Observations from Yesterday’s Tar Sands Action Event at the White House

When I arrived at Lafayette Park yesterday around 1:30, the place was already filled with people and sparkling with energy and sunshine. Small impromptu parades started up within the park – one from the Ohio contingent snaked toward the stage where the speakers started around 2. I found myself standing next to Margot Kidder who was holding her big “Montana Women” sign and on her phone trying to find her companions. The sign attracted some young smiling Montana folks who exchanged hometowns as people do when they meet those from the same state.

Two veteran Tar Sands Action organizers, Joshua Kahn Russell and @lightthematch came up to talk with Margot and confessed they didn’t know whether the whole “encircling the White House” idea would work when they first proposed it weeks ago. But after the 8000th sign up the day before and the obviously huge (and orange) crowd now jostling around them, they were animated with confidence.

Photo by Josh Lopez

The audience responded to those on the stage with a mixture of cheers, applause and the now-familiar “fluttering fingers” of Occupy Wall Street. When NRDC founder John Adams’ mic ran into some technical trouble, the speech moved seamlessly and boisterously to the human mic. Lakota Nation Vice President Tom Poor Bear spoke movingly about the simple need to care for “our mother” as intermittent autumn leaves drifted down on the rapt crowd. My favorite speech (that I caught, anyway) was from Naomi Klein who addressed my own irritation about the media’s incessant and lazy “jobs vs. the environment” mantra and talked about the bi-national nature of the movement.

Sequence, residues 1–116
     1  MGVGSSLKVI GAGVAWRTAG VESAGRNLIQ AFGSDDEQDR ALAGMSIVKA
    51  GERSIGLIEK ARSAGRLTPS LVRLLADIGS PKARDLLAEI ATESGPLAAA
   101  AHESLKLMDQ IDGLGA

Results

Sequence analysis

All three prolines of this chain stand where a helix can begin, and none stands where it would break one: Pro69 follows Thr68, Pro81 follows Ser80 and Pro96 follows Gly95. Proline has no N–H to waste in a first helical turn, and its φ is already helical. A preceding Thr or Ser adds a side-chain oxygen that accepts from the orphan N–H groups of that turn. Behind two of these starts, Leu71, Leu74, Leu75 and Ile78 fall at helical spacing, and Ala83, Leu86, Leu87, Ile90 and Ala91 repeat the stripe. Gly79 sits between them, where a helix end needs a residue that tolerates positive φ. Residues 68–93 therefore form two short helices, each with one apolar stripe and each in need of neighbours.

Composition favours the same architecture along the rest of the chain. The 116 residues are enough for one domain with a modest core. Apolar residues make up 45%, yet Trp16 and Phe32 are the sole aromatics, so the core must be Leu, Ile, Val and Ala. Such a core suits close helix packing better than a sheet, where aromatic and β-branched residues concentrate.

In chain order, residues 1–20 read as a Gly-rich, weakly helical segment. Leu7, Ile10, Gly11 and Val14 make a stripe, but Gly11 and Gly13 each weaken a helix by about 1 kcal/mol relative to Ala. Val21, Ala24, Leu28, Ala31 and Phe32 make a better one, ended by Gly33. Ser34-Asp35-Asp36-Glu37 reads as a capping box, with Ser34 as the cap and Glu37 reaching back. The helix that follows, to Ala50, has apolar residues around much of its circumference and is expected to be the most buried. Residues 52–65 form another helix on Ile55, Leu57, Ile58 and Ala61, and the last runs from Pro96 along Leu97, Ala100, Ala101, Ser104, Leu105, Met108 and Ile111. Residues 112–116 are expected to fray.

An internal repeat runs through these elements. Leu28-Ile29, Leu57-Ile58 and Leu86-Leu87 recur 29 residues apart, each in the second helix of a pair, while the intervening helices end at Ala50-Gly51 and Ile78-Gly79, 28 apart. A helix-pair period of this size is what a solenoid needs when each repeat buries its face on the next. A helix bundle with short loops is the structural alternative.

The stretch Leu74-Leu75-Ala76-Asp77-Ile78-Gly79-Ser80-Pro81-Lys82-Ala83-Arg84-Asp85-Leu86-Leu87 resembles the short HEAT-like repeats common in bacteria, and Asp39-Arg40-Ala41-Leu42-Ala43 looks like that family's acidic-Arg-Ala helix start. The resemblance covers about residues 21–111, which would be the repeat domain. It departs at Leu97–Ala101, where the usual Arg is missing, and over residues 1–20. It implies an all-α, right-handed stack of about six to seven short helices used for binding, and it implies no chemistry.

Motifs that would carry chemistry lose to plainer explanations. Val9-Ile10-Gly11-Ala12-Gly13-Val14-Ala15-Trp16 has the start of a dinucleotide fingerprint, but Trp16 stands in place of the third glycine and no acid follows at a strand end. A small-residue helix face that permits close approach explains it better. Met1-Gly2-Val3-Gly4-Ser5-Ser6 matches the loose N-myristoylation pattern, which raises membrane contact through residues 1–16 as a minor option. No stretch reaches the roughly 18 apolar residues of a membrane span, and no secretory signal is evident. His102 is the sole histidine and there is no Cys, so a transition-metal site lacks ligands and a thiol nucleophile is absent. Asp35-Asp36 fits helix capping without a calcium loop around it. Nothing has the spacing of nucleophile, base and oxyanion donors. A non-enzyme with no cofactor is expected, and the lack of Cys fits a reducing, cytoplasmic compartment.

“I’m so sick of this nonsense about how we are the jobs killers, and the whole old outdated paradigm pitting the environmental movement against the labor movement,” Klein said during the rally. “We need to join with our allies in the labor movement to re-invent the economy from the ground up because this economic system is failing everyone on multiple levels.”

(It’s funny she mentioned this because it also occurred to me on the bus ride there that it might be time for the environmental movement to do more strident outreach to unions. One idea that came to mind would be to have leaders of the AFL-CIO, the BlueGreen Alliance, unions both in support of and against the pipeline–in this case–have a meeting to vent concerns, solutions, etc. Surely we could come up with something, some common ground, by hashing things out? Anyway…)

Bill McKibben organized everyone into three groups from the stage and we shuffled away to begin circling the White House (my group heading toward the Treasury Department). Students in front of me were dancing what I’ll call “light-stick-rave-style” while the middle aged folks laughed. One young woman threw little packages of Oreos to whoever wanted them. Millennials seem to attend demonstrations like this with such good-spirited, bright-eyed matter-of-factness. I get little sense of a “counterculture” with this generation – within their cohort, it’s actually widely self-evident to care about this stuff.

Photo by Amy Dewan
Photo by Kzyin

We didn’t get far before receiving word that 12,000 of us made it all the way around. We formed two relatively straight lines and I linked arms on my left with a man from Texas who’d been imprisoned in California during the Vietnam War as a conscientious objector. A woman who used to lobby for various environmental causes told us she’d never seen a demonstration with such positive, strong energy before and she attributed it to the young people.

We slowly wandered back to the park for the final rally. I stood under a Gingko tree listening to the last few speakers and spotting many familiar faces walking among the clumps of people relaxing on the lawn. The ever-vigilant cornfingers were back at their posts, dancing above the crowd. Walking back to the Metro, all the pedestrians seemed to be wearing orange vests. This movement had clearly gained momentum since August.

Photo by Shadia Fayne Wood

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